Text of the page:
On October 4 of 1226, Francis of Assisi died and every year the church remembers him on this day. He was a child of a very wealthy cloth merchant, but in a public confrontation with his father, he renounced his wealth and future inheritance and devoted himself to serving the poor. Frances described this act as being “wedded to Lady Poverty.” In this marriage, Francis literally took Jesus words seriously about not taking anything with you when you go out on a journey to share the good news of Jesus and to accept no payment for your work. The love that Francis had for Jesus and for his wife, lady poverty, was lived out in his preaching which, as he said, “used words when necessary” – in other words, his message was preached in his actions.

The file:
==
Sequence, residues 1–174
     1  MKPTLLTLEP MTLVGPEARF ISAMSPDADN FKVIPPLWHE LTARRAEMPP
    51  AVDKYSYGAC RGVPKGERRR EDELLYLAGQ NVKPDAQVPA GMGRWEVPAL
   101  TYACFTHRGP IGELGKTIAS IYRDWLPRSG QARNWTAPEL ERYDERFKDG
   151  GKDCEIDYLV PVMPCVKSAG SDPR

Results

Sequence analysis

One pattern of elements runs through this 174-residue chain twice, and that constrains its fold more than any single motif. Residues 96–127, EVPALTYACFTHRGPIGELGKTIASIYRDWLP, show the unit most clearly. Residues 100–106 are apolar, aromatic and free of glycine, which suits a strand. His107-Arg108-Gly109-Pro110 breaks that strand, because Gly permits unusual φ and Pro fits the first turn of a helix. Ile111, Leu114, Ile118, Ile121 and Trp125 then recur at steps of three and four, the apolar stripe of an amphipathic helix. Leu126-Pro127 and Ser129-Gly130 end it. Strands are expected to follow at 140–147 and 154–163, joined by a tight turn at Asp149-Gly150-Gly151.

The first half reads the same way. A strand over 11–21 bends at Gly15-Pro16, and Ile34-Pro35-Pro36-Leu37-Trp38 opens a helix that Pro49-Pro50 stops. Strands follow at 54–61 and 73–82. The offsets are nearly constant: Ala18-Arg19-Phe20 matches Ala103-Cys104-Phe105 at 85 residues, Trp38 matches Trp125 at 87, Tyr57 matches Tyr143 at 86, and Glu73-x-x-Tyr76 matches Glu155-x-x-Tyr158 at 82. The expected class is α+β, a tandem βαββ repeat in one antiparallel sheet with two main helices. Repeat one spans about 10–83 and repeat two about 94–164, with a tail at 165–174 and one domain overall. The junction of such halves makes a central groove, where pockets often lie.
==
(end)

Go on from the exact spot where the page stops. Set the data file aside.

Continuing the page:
Francis was unlike many of us human beings in that he not only saw others as Jesus calls us to see each other – as partners suitable for living together – but he also lived out a spirit of gladness and gratitude for all of creation as being equal partner with humanity. Hence on this day we take time to bless animals as God's own creatures, suitable for special relationships with us and with God.
Not all of us can be like Jesus or even Francis – we live in the midst of our own sinfulness which often puts strains on our relationships with each other. If we live in these relationships only asking, “Is it lawful…” we are never at peace with one another. We never experience forgiveness when we fall short. But we also live in the midst of God's grace. Knowing this, all of us – single, married, divorced, remarried, however we find ourselves – can experience the blessings of the goodness of sharing life with people around us. May God bless you in your current situation with people who love you and that you can love in return so that you may live in love toward others who God will put in your life – even those who may not seem suitable according to societal standards, but who may need someone like you to make a difference for them. May it be so, in the name of Christ our Lord; Amen.